Meeting This Week, Sunday, Feb 26!


Yes, it is time again!  Meeting this Sunday, February 26, at the Spaghetti Warehouse in Plano, off of rt 75 at 15th street, at 6:30pm.

Ken of the NSS will be there to give a 60 – 90 minute talk about space exploration – everything from near term to space based solar power and whatever.  He brings his own projector and so this promises to be a good show.

Tom brings us news of success with the student debating team arguing the issue of manned space exploration (I won’t tell all the details, but they have won an all expense paid trip to NYC, so they are doing mighty well!)  our dallas chapter has had the opportunity to help coach them on the next round as the argue for ‘The Case for Mars’.

Kris brings us more on the slow but still moving forward saga of publishing the past Mars convention papers, and the URC competition.

Also on our minds is the fateful 2013 NASA budget, which promises to knock back Mars exploration by years (that is a lot of extra spaghetti dinners till our last meeting – we’ll have that one while watching the first human set foot on Mars).  We really do need a call to arms on this one, and we can discuss what we have done and will do.  If you have already written your congressman or the President, please bring a printout of your letter to share with the group.

See you this Sunday.


Urgent Call to Save the Mars Missions

Dear Friends:

The Office of Management and Budget (OMB) has zeroed funding for NASA’s future Mars exploration missions. The Mars Science Laboratory Curiosity is en route to the Red Planet, while the small MAVEN orbiter is scheduled for launch in 2013, but that’s it. No funding has been provided for the Mars probes planned as joint missions with the Europeans for 2016 and 2018, and nothing after that is funded either.  This poses a grave crisis for all of us hoping for a human future in space.

NASA’s Mars exploration program has been brilliantly successful because, since 1994, it has been approached as a campaign, with probes launched every biennial opportunity, alternating between orbiters and landers. As a result, combined operations have been possible, with orbiters providing communication links and reconnaissance guidance for surface rovers, which in turn can conduct ground-truth investigations of orbital observations. Thus, the great treks of the rovers Spirit and Opportunity, launched in 2003, were supported from above by Mars Global Surveyor (MGS, launched in1996), Mars Odyssey (launched in 2001), and Mars Reconnaissance Orbiter (MRO, launched in 2005). But after serving 10 years on orbit, MGS is now lost, and if we wait until the 2020s to resume Mars exploration, the rest of the orbiters will be gone as well. Moreover, so will be the experienced teams that created them. Effectively, the whole program will be completely wrecked, and we will have to start again from scratch.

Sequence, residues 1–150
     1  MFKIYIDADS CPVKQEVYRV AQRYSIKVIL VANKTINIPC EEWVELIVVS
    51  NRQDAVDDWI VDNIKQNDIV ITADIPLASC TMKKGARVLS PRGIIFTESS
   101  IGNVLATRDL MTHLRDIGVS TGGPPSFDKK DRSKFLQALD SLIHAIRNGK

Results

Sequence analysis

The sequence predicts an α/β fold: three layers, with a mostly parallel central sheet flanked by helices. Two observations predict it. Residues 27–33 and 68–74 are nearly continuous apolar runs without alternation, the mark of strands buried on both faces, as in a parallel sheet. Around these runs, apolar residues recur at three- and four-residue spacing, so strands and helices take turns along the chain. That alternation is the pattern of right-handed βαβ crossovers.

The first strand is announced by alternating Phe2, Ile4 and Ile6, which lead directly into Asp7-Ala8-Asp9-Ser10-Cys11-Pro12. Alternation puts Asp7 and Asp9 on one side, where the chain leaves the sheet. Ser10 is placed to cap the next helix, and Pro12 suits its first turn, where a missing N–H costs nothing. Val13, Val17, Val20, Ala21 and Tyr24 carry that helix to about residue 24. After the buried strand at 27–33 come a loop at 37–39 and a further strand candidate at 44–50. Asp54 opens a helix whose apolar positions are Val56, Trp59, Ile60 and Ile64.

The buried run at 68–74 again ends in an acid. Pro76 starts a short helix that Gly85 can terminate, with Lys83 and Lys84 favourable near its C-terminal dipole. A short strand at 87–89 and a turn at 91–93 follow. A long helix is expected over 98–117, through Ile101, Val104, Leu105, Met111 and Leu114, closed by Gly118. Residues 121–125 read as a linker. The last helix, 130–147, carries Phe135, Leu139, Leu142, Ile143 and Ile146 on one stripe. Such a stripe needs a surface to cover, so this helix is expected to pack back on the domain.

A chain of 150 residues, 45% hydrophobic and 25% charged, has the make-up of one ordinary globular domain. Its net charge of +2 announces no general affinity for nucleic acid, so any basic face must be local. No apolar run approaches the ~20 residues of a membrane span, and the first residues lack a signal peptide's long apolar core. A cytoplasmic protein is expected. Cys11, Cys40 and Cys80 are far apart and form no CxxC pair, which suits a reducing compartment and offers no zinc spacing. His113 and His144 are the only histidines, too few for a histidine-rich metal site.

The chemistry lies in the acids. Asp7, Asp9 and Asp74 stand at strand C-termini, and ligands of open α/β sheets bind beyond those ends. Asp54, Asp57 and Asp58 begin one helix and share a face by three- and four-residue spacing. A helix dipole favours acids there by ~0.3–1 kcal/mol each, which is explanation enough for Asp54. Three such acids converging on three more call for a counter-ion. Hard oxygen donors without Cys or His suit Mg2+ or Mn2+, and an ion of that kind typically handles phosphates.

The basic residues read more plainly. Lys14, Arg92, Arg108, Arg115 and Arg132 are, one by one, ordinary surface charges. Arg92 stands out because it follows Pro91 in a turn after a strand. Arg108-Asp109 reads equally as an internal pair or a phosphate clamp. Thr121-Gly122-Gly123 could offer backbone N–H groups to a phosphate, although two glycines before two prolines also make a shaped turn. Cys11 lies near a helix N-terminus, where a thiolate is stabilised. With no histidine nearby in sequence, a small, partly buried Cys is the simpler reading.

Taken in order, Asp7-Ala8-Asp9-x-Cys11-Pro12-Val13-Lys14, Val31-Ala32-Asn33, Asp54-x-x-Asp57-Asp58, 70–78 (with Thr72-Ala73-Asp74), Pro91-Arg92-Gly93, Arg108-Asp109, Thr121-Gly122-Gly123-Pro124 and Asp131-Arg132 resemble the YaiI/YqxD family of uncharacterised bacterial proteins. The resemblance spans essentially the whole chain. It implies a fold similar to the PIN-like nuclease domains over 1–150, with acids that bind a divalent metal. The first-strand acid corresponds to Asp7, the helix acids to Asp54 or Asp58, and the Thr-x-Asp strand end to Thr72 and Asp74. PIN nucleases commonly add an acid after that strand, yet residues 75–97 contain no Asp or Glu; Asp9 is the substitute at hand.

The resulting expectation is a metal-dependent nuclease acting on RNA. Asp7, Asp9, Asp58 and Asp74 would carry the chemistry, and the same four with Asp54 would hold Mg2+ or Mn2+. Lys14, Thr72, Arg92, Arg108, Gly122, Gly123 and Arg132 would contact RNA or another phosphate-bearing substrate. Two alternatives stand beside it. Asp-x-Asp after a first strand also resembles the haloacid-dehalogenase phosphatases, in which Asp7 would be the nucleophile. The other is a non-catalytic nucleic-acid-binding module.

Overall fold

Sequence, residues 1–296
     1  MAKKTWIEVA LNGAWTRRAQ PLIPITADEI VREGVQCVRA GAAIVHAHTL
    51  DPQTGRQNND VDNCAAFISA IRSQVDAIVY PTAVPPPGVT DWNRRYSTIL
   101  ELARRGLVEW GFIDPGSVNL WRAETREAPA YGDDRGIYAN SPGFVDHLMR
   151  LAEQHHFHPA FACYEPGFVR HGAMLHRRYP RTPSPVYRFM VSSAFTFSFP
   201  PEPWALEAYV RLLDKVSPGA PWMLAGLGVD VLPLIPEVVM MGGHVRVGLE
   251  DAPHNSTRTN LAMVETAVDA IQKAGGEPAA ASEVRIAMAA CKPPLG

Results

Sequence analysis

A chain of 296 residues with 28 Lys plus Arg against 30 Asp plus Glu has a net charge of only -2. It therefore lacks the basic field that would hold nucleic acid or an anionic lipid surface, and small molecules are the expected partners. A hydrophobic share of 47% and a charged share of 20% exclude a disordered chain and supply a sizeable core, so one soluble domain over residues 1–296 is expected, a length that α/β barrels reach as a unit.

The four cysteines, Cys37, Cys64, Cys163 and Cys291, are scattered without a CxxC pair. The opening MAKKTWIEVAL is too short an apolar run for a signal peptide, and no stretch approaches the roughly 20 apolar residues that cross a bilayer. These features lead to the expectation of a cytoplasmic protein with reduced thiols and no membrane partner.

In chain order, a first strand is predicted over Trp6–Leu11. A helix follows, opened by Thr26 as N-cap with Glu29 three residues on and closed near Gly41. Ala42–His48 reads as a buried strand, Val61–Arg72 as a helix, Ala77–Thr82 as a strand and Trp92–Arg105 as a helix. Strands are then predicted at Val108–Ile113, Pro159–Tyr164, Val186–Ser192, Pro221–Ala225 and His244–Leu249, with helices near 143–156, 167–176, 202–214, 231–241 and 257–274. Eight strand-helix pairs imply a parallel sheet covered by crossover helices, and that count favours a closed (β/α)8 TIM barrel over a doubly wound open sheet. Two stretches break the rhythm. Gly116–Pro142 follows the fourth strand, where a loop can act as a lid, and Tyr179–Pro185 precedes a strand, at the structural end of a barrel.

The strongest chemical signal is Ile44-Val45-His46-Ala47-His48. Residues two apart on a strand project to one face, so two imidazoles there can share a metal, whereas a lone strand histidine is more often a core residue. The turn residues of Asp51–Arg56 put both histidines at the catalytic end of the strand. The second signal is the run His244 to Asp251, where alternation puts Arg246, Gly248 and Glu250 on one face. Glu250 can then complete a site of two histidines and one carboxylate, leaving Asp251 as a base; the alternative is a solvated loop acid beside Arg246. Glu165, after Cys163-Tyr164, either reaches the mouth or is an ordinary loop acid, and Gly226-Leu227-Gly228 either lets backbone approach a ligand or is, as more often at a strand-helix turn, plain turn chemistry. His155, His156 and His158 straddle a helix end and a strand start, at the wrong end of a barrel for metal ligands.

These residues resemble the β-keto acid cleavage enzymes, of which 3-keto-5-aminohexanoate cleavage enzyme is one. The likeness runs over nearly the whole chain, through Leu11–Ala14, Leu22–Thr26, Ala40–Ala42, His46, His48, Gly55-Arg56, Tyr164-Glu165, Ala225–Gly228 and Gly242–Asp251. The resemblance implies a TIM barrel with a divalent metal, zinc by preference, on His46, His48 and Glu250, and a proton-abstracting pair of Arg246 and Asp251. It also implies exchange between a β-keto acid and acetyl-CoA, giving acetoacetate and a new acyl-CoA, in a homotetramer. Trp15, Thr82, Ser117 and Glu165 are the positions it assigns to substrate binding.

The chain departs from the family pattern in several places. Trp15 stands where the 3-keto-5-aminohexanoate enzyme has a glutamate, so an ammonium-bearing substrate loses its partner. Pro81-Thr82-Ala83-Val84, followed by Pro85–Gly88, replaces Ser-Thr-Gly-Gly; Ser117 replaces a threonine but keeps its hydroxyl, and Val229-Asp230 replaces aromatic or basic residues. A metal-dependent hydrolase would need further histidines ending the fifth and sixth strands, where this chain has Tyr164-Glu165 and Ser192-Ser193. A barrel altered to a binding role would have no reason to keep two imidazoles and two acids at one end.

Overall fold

Furthermore, if the OMB cuts are allowed to prevail, we will not only destroy America’s Mars exploration program, but derail that of our European allies as well. The 2016 and 2018 missions have been planned as a NASA/ESA joint project, with the Europeans contributing over $1 billion to the effort. But if America betrays its commitment, the European supporters of Mars explorations will be left high and dry, and both the missions, and the partnership, will be lost.

America’s human spaceflight program is currently completely adrift. Unless it is reorganized as a mission-driven directorate committed to efficiently achieving important objectives within a meaningful timeframe, it may well prove to be indefensible in the face of the oncoming fiscal tsunami. But the Mars program is defensible. It has real and rational objectives, reasonable costs, and a terrific track record of success. It can and must be saved.

There is no justification for the proposed cuts. The U.S. federal government may be going broke, but it’s not because of NASA. Since 2008, federal spending has increased 40 percent, but NASA spending has only increased 5 percent. Trillions of dollars of out of control entitlement spending cannot be remedied by cuts in NASA, or even in the entire discretionary budget, defense included. Rather, the financial bleeding needs to be staunched where the hole is, and nowhere else.